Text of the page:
By Hu Berry
Shyer than their inland cousins, brown hyaenas shuffle tirelessly along the Namibian coast, covering astounding distances as they search ceaselessly for scraps thrown up by the tide. If morsels do not suffice, they enter seal-breeding colonies, creating chaos when they hunt defenceless pups. An inveterate scavenger-hunter, often solitary, nocturnal traveller, the ‘strandwolf’ typifies the desolate nature of Namibia’s desert shore.
Parahyaena brunnea alias brown hyaena (strandwolf or strandjut in Afrikaans) first became known to science as recently as 1820. Since then it symbolises the bleak isolation of most of the Namibian coastline, where only the hardiest creatures survive. What gives this animal an edge over others of its kind? The remaining members of the hyaena family in Namibia, namely aardwolf (taken from Afrikaans and meaning literally ‘earth wolf’) and spotted hyaena are conspicuously absent from the coast.
The main diet of aardwolf is harvester termites, which do not occur on the desert coast. The aardwolf obtains most moisture from its food and rarely needs to drink. Spotted hyaenas need to supplement the moisture content of their food by drinking regularly. A telling difference that determines distribution in hyaenas is their protection against cold. Both aardwolf and spotted hyaena lack the dense coat of hair that clads brown hyaenas. This thick insulation, covering much of their body and giving them a shaggy appearance, provides them with protection. Moreover, brown hyaenas are relatively independent of drinking fresh water, obtaining most of their moisture requirements from their food.
If we were to shadow a brown hyaena to witness its 24-hour activity pattern, starting at sunrise, we would recall the following events. At daybreak a dominant male returns from his nocturnal wandering to rest beneath a rocky scree. Sheltered from the piercing southerly wind that is already stirring sand around the communal burrow, his clan uses this site as a shared meeting and denning place. The females, cubs and lower-ranking males have not meandered as far as he has, preferring to stay within their territory. Two rapidly growing cubs are being suckled by the alpha female and also fed by other adults, who bring them a mix of seal, hare and rodent remains.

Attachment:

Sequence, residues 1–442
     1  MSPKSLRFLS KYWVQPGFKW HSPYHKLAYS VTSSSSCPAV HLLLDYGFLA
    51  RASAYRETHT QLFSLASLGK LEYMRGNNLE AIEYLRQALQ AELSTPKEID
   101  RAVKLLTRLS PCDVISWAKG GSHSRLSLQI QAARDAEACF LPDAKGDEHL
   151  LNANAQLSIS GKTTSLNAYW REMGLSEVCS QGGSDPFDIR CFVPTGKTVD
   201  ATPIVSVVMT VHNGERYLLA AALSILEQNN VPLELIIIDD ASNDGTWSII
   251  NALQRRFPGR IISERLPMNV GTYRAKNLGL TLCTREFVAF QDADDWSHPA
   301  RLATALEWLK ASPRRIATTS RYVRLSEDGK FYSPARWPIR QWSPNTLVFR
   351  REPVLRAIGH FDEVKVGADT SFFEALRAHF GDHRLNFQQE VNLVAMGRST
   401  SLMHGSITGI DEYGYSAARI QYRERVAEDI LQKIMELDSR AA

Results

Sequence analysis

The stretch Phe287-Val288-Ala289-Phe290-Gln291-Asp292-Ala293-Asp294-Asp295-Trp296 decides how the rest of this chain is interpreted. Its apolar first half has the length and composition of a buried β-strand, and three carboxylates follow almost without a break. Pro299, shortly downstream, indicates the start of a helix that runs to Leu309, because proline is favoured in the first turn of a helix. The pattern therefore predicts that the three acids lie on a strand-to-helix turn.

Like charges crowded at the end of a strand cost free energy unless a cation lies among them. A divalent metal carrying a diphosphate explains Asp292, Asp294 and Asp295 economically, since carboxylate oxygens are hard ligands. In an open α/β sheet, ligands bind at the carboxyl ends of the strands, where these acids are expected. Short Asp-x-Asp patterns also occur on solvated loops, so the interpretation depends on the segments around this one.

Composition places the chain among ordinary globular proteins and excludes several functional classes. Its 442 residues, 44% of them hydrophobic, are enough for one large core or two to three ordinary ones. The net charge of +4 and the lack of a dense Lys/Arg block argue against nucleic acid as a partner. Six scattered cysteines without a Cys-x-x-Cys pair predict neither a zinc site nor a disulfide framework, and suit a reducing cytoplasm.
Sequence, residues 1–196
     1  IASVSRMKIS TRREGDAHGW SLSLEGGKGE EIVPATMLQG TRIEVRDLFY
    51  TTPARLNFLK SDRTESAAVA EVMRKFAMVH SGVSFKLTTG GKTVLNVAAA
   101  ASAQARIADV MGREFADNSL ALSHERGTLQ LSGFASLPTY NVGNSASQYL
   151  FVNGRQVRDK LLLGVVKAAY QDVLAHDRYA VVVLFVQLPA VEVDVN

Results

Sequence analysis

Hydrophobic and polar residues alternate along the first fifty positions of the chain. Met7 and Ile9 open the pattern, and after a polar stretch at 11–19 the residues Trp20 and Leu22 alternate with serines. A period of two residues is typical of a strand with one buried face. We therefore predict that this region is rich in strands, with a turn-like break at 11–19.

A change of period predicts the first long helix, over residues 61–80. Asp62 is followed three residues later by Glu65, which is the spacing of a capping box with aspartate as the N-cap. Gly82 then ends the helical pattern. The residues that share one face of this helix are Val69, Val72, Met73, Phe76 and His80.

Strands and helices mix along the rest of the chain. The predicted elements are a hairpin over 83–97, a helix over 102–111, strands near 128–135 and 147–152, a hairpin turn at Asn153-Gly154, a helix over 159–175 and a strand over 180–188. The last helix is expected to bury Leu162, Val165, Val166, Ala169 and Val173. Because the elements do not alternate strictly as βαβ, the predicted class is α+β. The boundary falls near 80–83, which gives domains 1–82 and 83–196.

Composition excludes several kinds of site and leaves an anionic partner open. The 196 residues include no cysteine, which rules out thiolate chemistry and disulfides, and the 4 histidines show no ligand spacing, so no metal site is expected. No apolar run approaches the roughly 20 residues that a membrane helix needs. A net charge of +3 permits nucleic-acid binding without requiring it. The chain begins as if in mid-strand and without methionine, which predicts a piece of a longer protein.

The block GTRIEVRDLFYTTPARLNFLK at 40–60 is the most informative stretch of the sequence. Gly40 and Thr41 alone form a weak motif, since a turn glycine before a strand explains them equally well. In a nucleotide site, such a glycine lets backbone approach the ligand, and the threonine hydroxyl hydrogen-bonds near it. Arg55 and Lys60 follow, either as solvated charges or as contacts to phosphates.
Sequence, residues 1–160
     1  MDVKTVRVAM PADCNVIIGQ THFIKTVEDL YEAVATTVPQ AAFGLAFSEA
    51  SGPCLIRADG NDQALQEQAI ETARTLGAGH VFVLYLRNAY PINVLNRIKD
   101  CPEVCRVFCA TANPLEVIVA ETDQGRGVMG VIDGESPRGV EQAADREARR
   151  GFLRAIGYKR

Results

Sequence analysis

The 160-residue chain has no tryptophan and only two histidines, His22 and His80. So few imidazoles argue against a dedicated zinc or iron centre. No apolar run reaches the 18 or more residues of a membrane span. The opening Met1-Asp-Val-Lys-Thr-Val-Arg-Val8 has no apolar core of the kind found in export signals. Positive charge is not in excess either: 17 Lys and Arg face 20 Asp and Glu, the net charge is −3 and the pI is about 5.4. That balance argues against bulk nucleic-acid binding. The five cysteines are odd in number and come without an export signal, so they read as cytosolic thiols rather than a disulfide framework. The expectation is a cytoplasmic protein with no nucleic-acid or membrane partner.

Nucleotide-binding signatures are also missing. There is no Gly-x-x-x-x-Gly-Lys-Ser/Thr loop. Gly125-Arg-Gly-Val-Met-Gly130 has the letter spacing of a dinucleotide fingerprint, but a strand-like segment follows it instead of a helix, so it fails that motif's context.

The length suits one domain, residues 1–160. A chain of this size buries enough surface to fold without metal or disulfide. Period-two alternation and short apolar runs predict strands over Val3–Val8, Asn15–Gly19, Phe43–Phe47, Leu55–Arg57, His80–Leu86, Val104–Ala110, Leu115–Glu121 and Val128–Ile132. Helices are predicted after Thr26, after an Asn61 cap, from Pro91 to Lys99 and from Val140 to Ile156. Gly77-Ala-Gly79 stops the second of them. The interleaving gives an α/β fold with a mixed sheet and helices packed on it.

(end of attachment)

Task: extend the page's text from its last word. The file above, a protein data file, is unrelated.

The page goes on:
The group presently numbers seven but may expand to double that. Under a clear sky the wind soars in strength, driving sand and small pebbles before it. Waves crest and foam froths onto the nearby beach as the gale gains midday strength. Hyaenas hunker down, protected from the energy of a chill windstorm by their dense coats. Towards sunset the squall subsides. Fog banks drift landward, replacing the blustering day with dank dreariness. It is time to forage. The group separates, leaving the cubs alone.
The dominant male again strikes out singly, covering distance as he begins his combined mission of foraging and demarcating his territory with clear signals. In a ritualised sequence he hunches over bushes and rocks, positioning his tail against them to extrude an anal pouch that secretes a sticky substance, which he pastes onto the surface with skilful accuracy. It contains a marvellous mix – two components, one white and strong-smelling; the other black and waning rapidly. The white constituent is detectable for several weeks, and is probably designed to proclaim an occupied territory to intruding males. The black paste dissipates quickly and may be an ingeniously evolved tactic to inform passersby about the time elapsed since marking took place.
The male’s route is erratic. Depending on the messages borne on the wind, his finely honed sense of smell directs him unerringly to locate reptiles, rodents and rotting meat. As the night deepens, the desert radiates off its daytime heat and the sea sends cold swathes of mist across the wanderer’s path. An eerie backdrop of beach and rock-strewn fjords finds the haena shuffling tirelessly along, appearing and disappearing wraithlike in the murkiness of midnight. His hunger urges him to change direction and stride when a pungent whiff of seals drifts in tantalisingly from a sheltered bay.
Ambling changes to a purposeful lope as scavenger transforms to hunter. Entering the seal colony he ignores the throaty threats of the adults and focuses on an unprotected pup. His formidable jaws close over its head, crushing the soft skull and killing instantly. He leaves as swiftly as he appeared, the baby seal dangling lifelessly from his clamped jaws. Instinctively seeking the nutritious fat and bone marrow, he speedily dismembers its carcass and feeds to repletion, leaving little for others to scavenge. With reinforcement of his territorial boundaries complete and satiated by a meal of fresh meat, the male retraces his route. As dawn looms gloomily against the night, he leaves a zig-zagging trail of close to 30 kilometres across the surface of the desert. Approaching the den in a slope-backed shuffle, his massive forepaws print distinctive pugmarks in the sand, adding a hyaena day and night to the calendar of events of the desert.
This article appeared in the 2009/10 edition of Conservation and the Environment in Namibia.
Hu Berry was a scientist, conservationist and specialist tour guide. He was one of Venture Publications' most valued authors. Sadly he passed away in July 2011. To read more about him click here.